Why It’s So Hard to Become a Staff Engineer
Bridging the Senior SWE to Staff Divide: Part 1
While all promotions have challenges, from my experience and from watching and working with others, one of the most challenging promotions is moving from a Senior Software Engineer to a Staff Software Engineer. Advancing from entry-level to Senior SWE focuses primarily on becoming more independent and being able to solve problems with more ambiguity. The focus is on building technical and project management skills while also building the confidence to tackle more complex challenges — both those you’ve seen before and those totally unlike any others. The specifics will vary depending on the exact role and the company, but the rubrics for these levels are typically very well-defined.
Staff, however, marks the first time when the job itself starts to shift. The job continues to change as you move up the ladder, but this is the first, and may be the largest, shift. Instead of doing more and better like you’ve done for each promotion up to this point, you suddenly need to do something different, which can be a challenging mental shift.
This job shift is also true if you move into management. However, it’s typically apparent what a manager’s responsibility is. With Staff, however, the job description itself becomes vaguer. As StaffEng discusses, there are roughly four archetypes. Realistically, however, there’s a lot of grey area, and to make it worse, all of this varies by company and team need, not to mention individual strength and interest. Instead of just picking up management responsibilities, you need to choose which type of Staff engineer you want to be. It’s also essential to pick an archetype your company needs and will recognize. In addition to doing a new job, it’s not usually apparent what that job even is.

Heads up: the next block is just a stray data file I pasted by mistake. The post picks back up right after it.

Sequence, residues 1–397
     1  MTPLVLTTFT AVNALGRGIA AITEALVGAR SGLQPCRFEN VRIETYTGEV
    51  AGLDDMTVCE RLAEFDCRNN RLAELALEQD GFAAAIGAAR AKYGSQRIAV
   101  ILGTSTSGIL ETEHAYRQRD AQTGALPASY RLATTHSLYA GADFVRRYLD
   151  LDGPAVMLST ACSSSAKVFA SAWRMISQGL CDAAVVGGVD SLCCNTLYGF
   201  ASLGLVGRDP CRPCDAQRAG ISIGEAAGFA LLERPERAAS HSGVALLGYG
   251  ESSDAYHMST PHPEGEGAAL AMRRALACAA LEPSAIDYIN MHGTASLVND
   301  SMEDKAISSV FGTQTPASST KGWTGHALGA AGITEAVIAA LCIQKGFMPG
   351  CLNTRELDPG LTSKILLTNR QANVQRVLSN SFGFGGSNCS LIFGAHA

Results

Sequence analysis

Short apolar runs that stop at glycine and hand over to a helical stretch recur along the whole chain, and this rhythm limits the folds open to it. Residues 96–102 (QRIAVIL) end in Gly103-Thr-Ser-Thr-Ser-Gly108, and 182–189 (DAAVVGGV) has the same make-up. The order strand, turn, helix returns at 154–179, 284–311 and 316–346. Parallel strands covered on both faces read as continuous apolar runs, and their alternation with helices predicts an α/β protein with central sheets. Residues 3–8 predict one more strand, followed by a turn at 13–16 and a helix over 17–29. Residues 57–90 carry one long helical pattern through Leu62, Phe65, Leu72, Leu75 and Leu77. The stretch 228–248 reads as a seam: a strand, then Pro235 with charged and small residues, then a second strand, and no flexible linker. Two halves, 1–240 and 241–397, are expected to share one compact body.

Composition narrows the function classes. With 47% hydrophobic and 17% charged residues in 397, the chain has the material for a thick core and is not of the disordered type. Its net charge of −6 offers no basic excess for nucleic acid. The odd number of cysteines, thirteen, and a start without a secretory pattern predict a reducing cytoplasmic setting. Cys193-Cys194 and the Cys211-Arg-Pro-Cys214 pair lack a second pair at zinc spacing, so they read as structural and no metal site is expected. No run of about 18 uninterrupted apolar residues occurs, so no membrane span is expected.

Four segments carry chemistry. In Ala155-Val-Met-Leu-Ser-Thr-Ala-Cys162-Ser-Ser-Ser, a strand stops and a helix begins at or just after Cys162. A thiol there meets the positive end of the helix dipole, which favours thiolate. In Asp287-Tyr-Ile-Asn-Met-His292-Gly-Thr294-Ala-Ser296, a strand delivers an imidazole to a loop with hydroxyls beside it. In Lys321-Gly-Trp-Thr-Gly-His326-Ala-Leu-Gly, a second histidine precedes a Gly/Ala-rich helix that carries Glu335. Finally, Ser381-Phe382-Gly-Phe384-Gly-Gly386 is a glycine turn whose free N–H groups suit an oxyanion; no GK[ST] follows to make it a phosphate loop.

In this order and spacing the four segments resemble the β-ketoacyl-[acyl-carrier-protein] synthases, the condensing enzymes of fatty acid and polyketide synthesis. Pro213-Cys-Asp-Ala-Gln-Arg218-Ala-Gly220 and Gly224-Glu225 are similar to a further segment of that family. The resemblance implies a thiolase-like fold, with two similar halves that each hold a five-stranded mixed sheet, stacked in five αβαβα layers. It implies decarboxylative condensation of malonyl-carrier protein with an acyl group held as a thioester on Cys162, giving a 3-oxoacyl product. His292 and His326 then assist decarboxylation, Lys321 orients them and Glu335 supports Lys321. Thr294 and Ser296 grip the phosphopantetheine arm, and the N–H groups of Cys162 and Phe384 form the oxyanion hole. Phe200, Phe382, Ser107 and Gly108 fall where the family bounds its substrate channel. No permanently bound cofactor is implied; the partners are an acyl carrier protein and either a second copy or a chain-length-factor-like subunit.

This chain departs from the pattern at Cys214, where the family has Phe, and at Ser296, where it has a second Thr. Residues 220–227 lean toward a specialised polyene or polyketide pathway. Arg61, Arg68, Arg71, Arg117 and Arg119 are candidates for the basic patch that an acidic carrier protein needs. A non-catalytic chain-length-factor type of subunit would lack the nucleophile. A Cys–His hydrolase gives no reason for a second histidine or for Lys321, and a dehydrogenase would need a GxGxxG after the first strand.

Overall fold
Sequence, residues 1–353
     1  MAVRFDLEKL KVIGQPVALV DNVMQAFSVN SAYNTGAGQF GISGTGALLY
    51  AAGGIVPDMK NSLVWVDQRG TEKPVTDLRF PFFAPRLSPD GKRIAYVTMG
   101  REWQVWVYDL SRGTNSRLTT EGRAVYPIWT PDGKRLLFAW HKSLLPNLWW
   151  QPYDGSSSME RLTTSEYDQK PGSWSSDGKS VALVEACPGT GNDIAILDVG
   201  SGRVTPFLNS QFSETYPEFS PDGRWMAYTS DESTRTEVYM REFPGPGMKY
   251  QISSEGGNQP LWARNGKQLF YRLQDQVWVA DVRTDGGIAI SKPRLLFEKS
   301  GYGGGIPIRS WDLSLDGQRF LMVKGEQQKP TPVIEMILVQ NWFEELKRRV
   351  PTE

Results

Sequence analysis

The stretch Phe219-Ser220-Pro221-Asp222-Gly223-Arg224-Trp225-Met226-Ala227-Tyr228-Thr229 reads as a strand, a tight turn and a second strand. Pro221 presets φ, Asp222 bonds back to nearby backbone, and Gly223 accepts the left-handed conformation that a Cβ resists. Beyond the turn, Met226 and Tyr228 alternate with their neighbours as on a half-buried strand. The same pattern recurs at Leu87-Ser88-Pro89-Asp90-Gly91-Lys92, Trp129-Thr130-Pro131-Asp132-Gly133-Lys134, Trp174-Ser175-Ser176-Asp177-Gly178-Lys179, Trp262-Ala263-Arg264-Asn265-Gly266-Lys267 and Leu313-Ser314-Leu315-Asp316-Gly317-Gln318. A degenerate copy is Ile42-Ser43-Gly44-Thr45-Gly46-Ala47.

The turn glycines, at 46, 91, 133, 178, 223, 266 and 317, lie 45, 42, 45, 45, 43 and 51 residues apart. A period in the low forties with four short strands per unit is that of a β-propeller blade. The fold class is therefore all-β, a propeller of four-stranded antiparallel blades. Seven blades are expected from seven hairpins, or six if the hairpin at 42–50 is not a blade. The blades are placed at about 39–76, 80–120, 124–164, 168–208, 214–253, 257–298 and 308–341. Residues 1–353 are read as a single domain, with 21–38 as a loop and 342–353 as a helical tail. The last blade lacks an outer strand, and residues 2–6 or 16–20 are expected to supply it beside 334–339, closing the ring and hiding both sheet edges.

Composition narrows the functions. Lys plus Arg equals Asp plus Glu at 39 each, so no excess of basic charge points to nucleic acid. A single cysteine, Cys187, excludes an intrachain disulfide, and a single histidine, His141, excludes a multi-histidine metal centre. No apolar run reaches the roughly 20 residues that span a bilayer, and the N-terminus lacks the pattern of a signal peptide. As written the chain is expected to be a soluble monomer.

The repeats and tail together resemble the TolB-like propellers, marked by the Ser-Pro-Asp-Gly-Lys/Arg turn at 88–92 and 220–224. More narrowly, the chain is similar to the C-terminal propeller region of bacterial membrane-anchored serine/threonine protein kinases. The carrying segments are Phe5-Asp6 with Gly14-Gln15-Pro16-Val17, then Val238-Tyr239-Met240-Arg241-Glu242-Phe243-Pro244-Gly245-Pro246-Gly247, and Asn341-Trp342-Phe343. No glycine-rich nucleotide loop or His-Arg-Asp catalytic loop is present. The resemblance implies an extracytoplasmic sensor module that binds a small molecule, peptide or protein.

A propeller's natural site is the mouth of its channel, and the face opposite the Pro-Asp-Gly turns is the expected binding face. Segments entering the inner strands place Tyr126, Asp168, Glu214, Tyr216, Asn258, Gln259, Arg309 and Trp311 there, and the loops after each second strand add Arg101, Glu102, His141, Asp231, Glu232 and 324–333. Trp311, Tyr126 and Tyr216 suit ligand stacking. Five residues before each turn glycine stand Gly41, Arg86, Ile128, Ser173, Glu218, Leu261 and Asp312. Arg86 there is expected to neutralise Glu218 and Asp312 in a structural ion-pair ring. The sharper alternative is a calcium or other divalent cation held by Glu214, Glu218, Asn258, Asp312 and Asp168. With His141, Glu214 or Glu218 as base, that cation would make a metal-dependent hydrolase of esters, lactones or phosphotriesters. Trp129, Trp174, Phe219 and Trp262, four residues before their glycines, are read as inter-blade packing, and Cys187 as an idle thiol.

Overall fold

For the management side, there’s often a well-defined promotion process. First, you become a TLM (tech lead or tech lead manager), managing a project. Next, you start meeting with the team members in 1:1s. Then, you slowly take over management responsibilities, such as giving feedback, and you continue until you get promoted. Even if there isn’t a formal process, there will be a clear progression and a distinct set of responsibilities. For Staff Engineers, however, there is rarely a well-defined promotion process — both because there are multiple types and because many organizations still need to wrap their heads around the IC track fully. Instead of just taking over various tasks from your manager, you need to figure out what those responsibilities even are and attempt to find opportunities to take them on. Instead of having someone hand over parts of their job, you’re often carving out a new position entirely.
In theory, your manager should help you identify opportunities to show your abilities. However, it’s distinctly possible that your manager has never worked closely with a staff engineer and may struggle to help. While every manager is a manager and has worked with managers (making it easier for them to understand that job), the same isn’t true of senior ICs, especially not of the archetype you’ve chosen. Even if you and your manager agree that you are trying to reach Staff, the sad reality is that they may also struggle to define what that means and how to get you there.